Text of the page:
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Hydrogen fuel cell technology

Updated: Jun 18, 2022

By Rafael Pérez Vicente

February 14, 2022

UPDATED 12:00 PM EST



[Photo Credit: Forbes]



Have you ever wondered whats inside the batteries that give power to your TV remote control or your cellphone that makes them work for hours without running out of battery? The answer might be trickier than what you might think. However, theres a common factor to all that batteries; work with the movement of electrons. As well as ordinary batteries, hydrogen fuel cells work with this electrochemical gradient; however, instead of using a limited amount of elements inside the battery, hydrogen fuel cells may be functional as long as they keep receiving hydrogen from the outside, working a little like a car receiving fuel, hence the name “fuel cell batteries”.


The origin of this type of battery was trying to mimic photosynthesis in plants to produce energy from chemical reactions given a flow of electrons. the first of its kind was built in 1838 by Sir William Grove. However, significant advances have been made since 1932 up to date. And its applications have been seen in cars, satellites, and rockets, such as the Apollo 11.


For instance, hydrogen cells are electrochemical objects that convert chemical energy to electrical by the use of chemical reactions, leaving combustion out of the equation, and with it, global warming and pollution. These battery-like objects work by separating hydrogen in the presence of a catalyst to generate water, heat, and electricity, and their applications are incredible. Stacking these fuel cells together allows generating more potent currents than having them separated, which serves practical issues such as powering a car without fuel or a whole building without electricity. As long as the cell keeps receiving a supply of hydrogen, it will continue to operate until this element runs out.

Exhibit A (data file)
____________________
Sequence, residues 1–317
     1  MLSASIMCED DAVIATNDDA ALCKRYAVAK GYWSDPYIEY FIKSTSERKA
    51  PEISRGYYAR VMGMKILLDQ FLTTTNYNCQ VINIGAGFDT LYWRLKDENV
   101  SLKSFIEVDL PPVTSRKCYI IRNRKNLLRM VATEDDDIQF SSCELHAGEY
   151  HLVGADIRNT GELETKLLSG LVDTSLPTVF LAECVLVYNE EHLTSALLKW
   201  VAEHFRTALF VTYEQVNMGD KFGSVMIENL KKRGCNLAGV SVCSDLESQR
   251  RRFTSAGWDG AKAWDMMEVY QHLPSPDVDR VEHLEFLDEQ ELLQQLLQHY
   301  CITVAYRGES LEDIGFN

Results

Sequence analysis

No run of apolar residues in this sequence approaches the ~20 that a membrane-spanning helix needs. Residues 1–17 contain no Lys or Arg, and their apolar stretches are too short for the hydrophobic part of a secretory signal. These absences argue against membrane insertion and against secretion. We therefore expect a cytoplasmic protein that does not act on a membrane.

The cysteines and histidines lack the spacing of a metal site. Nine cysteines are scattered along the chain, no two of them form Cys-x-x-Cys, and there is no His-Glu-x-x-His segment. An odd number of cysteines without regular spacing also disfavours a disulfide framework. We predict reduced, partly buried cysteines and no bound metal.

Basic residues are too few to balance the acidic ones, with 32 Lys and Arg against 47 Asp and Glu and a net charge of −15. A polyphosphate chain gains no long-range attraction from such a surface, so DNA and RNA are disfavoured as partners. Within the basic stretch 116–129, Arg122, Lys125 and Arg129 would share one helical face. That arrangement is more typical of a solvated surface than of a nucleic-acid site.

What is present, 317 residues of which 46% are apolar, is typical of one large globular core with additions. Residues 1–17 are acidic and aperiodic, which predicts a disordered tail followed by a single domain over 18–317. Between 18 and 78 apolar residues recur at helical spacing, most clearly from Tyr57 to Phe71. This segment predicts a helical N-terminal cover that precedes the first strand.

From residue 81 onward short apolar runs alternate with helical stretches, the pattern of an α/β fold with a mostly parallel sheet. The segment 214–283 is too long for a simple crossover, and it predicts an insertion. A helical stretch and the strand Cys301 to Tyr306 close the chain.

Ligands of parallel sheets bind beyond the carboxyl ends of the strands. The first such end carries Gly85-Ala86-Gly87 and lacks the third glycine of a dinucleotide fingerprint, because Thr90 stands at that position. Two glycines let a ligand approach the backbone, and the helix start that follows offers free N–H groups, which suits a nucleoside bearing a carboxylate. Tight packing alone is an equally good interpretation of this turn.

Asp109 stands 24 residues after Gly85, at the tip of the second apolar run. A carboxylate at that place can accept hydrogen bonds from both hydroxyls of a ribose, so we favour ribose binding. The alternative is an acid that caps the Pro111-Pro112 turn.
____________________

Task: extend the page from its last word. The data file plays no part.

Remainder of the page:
However, there are a few factors considered negative in the use of hydrogen fuel cells. Initially, hydrogen is a very reactive and unstable element, that binds easily to other elements making it impure, while it is also highly flammable. Hence, it is dangerous to transport it and store it. Moreover, hydrogen is not in its pure form in the atmosphere, which is why hydrogen fuel cells cannot work with normal air; however, chemists are already working on solutions by building cells with purifiers to absorb only hydrogen to generate electricity.

The hydrogen energy is extremely clean due to its lack of carbon emissions and pollutants, and the abundance of this element makes these fuel cells more durable and efficient. They are silent and discrete; however, this form of energy is one of the most expensive ones, which does not favor in any way its production.

Nonetheless, some experts argue that the time for hydrogen fuel cells to succeed has passed and there are other cheaper and more efficient alternatives such as solar energy. Yet, its applications and efficiency havent reached their maximum potential. Roles in heavy transportation, backup electricity, and high power energy plants are still valuable alternatives for the use of hydrogen as a source of clean electricity.



References


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Real Engineering. (2018, July 27). The Truth about Hydrogen. YouTube. Retrieved December 6, 2021, from https://www.youtube.com/watch?v=f7MzFfuNOtY


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U.S Department of Energy. (n.d.-a). Fuel Cell Animation (Text Version). Energy.Gov. Retrieved December 6, 2021, from https://www.energy.gov/eere/fuelcells/fuel-cellanimation-text-version


U.S Department of Energy. (n.d.-b). Fuel Cell Systems. Energy.Gov. Retrieved December 6, 2021, from https://www.energy.gov/eere/fuelcells/fuel-cell-systems


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U.S Department of Energy. (n.d.-d). Parts of a Fuel Cell. Energy.Gov. Retrieved December 6, 2021, from https://www.energy.gov/eere/fuelcells/parts-fuel-cell#gaskets

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